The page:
The latest tool that is of interest in the toolbox for folks helping with dojo / event promotion is Pinterest. Pinterest is a bulletin or pin board that allows folks who have downloaded their free "Pin It" app to their web browser to "PIN" any picture they find on the web to their "board" on Pinterest. What really makes Pinterest stand out is that 75% of the millions and growing number that are participating on Pinterest are women. So having some boards with content that could be of interest to the Mom's of prospective students for your kids class or pictures of female guest teachers hosted by your dojo, whatever, could help reach that group of women out there who might not otherwise see anything else you put out there. One of the most difficult things to find is ways to reach people who weren't already looking for you... I think Pinterest could be significant in that regard. If you want to take a look at my own modest efforts on Pinterest to get an idea of what could be done, go to George Ledyard's Pinterest Boards
At a time when dojo memberships are down across the board, while in many places there are multiple choices as to where to train, and the number of events seems to still be proliferating, I think it is crucial that the folks in our Aikido community improve their skills at how to promote their dojos and their events. The generation of folks who are now the senior teachers come from the pre-internet days and many are almost entirely absent from the net in terms of having any actual personal presence. That mean that the job of maintaining the website, creating and maintaining the Facebook Pages, doing the leg work on the seminars and events the dojo hosts, etc is all left to select students. In the vast majority of cases these are volunteers who do these jobs in their spare time between job, family, training, etc. It is my feeling that these skills should be considered part of the training of an up and coming instructor of the next generation. Someday, they'll be starting or taking over a dojo and they'll need to have these skills to be successful. In the last few years I have seen any number of dojos close because they were no longer viable. In many cases they simply weren't run on a solid enough business basis to survive. Yet nothing I am discussing here is difficult. It just takes some time and consistent attention. These skills could be the difference between a dojo that survives and one that does not. I think it's time we get better at what we have been doing.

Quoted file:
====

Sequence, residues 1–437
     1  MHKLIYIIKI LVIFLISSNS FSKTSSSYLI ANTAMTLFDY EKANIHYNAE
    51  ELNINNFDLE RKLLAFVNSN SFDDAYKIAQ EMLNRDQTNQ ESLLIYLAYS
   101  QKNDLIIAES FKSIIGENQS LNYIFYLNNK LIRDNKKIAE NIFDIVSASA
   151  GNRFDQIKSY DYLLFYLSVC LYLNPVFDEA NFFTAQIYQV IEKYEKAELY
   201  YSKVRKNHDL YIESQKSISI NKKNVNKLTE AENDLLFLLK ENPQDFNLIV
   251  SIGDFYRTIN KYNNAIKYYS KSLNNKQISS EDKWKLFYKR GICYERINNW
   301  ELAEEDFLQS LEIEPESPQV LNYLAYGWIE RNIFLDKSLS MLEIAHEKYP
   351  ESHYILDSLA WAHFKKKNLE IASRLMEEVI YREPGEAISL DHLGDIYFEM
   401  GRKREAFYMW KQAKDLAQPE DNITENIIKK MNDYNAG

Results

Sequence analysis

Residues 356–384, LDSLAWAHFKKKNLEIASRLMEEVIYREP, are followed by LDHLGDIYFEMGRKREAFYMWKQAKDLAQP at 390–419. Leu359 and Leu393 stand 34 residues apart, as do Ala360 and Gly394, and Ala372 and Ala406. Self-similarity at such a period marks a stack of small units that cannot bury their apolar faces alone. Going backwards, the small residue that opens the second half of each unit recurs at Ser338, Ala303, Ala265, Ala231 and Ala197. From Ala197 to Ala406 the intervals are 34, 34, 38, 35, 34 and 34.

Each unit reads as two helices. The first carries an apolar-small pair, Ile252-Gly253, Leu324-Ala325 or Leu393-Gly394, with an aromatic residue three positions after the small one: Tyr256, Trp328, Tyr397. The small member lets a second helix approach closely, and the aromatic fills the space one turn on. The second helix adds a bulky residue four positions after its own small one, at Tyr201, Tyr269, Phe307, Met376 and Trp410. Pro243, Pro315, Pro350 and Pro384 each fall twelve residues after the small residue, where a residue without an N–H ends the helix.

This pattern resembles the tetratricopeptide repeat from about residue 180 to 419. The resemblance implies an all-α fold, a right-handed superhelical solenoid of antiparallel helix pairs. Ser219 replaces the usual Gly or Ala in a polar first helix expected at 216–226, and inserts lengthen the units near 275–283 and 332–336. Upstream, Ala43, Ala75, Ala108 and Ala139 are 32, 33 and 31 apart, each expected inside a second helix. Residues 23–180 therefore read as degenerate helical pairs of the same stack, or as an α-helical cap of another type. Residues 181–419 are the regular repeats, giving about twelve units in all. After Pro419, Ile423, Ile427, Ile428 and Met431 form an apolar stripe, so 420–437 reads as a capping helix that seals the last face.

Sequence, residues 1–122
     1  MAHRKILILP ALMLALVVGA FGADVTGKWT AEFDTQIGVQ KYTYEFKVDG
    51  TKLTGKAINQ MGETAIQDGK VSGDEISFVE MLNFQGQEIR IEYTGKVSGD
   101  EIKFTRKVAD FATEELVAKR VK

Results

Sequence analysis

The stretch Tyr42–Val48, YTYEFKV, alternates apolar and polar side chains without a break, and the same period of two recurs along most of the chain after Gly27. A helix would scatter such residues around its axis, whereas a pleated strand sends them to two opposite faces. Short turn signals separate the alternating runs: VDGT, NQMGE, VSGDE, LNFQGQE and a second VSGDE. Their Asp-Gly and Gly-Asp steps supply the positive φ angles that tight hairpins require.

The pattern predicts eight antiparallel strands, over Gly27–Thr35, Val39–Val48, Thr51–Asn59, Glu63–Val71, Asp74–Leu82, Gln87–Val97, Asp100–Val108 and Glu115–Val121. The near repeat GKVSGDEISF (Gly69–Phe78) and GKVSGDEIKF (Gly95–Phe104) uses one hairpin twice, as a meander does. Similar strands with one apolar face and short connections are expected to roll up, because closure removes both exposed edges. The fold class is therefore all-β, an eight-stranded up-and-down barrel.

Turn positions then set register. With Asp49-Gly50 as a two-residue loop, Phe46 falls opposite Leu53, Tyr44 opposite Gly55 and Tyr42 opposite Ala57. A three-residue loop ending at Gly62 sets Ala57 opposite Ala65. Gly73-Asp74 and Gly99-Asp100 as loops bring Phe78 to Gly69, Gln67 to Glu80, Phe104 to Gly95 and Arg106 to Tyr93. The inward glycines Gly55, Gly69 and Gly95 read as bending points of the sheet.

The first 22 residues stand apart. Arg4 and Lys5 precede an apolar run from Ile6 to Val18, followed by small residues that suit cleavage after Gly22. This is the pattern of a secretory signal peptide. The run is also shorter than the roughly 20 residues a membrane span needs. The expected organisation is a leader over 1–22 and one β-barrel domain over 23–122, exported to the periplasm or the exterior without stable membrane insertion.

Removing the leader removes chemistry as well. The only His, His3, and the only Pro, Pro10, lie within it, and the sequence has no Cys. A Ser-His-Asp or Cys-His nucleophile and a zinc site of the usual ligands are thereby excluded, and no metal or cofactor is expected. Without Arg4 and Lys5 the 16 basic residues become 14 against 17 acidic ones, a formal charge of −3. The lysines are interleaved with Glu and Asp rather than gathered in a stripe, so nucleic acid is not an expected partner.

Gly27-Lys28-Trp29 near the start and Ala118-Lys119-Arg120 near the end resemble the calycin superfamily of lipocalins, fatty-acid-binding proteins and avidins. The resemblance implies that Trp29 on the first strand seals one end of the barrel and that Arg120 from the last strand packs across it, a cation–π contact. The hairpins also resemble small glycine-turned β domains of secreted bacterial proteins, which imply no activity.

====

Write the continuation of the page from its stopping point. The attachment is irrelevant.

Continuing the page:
(Original blog post may be found here.)
Re: Websites / Facebook Pages / Pinterst - All of the Above
I will definitely print this out and go through it with my sensei. Promotion is an area that we really need to improve on.
Re: Websites / Facebook Pages / Pinterst - All of the Above